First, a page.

Trophy Points:
    18
    Location:
    Syracuse, NY
    Time, I have some pictures that I took of the Caliper and the MC as I took them apart this winter. If you want I can post them up. Don't want to hijack Fitz's Thread here thou.
     
    XJ75082 likes this.
  6. bigfitz52

    bigfitz52 Well-Known Member

    Messages:
    21,082
    Likes Received:
    157
    Trophy Points:
    63
    Location:
    Rural SE Michigan 60 miles N of Motown
    Start a new one here in "FAQ Suggestions" and call it "why you need to rebuild your caliper and M/C w/pics."

    Let's keep this one about brake lines; but I welcome anybody else that has deteriorated brake line pics to add those here.
     
  7. quebecois59

    quebecois59 Well-Known Member

    Messages:
    2,285
    Likes Received:
    111
    Trophy Points:
    63
    Location:
    Waterloo, Quebec, Canada
    Thanks Fitz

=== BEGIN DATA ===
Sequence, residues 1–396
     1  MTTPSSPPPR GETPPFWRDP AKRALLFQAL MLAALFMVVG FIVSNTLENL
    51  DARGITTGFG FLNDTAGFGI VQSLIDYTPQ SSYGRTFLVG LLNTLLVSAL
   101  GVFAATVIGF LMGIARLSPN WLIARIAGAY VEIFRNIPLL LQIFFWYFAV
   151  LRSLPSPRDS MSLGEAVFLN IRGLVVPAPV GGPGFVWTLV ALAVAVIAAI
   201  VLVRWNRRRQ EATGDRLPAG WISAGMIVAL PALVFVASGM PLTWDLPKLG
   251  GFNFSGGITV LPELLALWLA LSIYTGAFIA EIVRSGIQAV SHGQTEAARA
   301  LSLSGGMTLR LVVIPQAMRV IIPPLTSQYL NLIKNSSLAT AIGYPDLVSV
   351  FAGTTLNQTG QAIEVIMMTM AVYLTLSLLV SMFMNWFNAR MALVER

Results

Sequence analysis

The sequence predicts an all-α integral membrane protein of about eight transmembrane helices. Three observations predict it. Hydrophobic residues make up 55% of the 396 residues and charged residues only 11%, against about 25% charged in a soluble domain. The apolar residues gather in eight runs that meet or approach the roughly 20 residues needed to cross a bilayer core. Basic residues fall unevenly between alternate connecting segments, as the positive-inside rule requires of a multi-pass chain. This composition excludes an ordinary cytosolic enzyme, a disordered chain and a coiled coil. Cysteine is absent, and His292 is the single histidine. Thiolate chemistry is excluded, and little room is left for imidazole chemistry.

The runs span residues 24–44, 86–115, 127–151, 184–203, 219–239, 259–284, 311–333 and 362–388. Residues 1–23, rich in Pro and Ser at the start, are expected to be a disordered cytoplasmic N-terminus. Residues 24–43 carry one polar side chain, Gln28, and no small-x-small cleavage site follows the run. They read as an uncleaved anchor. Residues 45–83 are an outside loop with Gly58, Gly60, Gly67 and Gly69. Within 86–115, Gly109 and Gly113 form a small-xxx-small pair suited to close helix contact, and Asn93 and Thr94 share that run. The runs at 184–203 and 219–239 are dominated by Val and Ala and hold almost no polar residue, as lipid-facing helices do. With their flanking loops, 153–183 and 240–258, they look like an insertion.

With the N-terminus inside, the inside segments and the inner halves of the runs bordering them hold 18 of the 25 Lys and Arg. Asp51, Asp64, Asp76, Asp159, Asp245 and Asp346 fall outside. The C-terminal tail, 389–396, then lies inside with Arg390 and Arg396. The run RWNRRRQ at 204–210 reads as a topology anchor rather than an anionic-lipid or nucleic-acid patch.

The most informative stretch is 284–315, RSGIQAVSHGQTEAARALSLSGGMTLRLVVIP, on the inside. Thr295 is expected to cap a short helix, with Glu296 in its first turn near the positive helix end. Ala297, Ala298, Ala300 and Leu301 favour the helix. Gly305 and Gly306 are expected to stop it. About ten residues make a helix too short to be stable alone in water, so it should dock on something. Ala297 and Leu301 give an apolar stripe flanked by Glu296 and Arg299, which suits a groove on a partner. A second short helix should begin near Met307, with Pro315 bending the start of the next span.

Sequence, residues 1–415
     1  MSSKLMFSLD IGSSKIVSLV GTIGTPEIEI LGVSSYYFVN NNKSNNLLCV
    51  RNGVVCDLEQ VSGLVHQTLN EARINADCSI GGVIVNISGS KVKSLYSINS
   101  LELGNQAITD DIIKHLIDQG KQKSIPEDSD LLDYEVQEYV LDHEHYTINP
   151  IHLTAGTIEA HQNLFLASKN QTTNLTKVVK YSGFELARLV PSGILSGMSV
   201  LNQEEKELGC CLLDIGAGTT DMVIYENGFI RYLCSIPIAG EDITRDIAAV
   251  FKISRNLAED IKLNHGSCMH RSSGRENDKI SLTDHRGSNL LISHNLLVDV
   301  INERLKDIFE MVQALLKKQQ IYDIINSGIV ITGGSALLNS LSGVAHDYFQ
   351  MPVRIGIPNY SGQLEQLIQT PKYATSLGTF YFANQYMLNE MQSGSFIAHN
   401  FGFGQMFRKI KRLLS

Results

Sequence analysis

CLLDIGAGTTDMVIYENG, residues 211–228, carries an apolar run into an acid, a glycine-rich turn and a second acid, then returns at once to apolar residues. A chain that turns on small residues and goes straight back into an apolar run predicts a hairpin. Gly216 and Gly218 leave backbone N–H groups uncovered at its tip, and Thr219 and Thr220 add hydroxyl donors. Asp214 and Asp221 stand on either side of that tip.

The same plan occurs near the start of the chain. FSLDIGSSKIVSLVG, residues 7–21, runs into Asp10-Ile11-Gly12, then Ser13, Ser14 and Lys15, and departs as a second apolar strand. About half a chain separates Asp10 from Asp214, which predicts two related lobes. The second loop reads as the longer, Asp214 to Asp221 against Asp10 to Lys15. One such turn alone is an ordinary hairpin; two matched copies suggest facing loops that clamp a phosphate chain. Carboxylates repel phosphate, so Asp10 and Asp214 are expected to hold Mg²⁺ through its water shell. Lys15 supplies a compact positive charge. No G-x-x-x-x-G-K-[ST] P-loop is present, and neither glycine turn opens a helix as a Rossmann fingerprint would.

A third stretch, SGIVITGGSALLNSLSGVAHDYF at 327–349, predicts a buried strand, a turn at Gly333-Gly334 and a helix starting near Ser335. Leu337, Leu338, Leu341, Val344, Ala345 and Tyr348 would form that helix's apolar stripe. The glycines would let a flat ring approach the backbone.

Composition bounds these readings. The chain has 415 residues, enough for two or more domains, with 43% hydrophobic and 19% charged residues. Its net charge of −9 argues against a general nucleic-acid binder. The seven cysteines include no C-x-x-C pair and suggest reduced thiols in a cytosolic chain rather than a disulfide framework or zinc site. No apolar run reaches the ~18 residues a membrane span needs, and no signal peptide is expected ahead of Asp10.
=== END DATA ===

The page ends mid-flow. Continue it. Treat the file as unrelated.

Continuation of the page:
I replaced the lines of my '77 XS650 a few years ago with braided SS lines, I wonder if I kept the original ones on a shelf...if so I will split a few sections, will take pictures and will post them here for sure.

    I hope my camera will not challenge me too much!

    Edit: no luck, I probably throw them in the garbage can! But I will split the ones off of my Seca 900 when I replace them.
     
  8. day7a1

    day7a1 Member

    Messages:
    623
    Likes Received:
    2
    Trophy Points:
    18
    Location:
    San Diego, CA
    Switching to new brake lines is likely to be the biggest improvement in handling you will ever experience on your XJ, esp. if you put in Stainless Braided ones.

    You can rejet, tune, get grippy tires, even replace shocks....but a good stop is something you notice!
     
  9. lostboy

    lostboy Active Member

    Messages:
    996
    Likes Received:
    188
    Trophy Points:
    43
    Location:
    Tillsonburg, Ontario, Canada
    Is there a time when even stainless brake lines need to replaced?
     
  10. day7a1

    day7a1 Member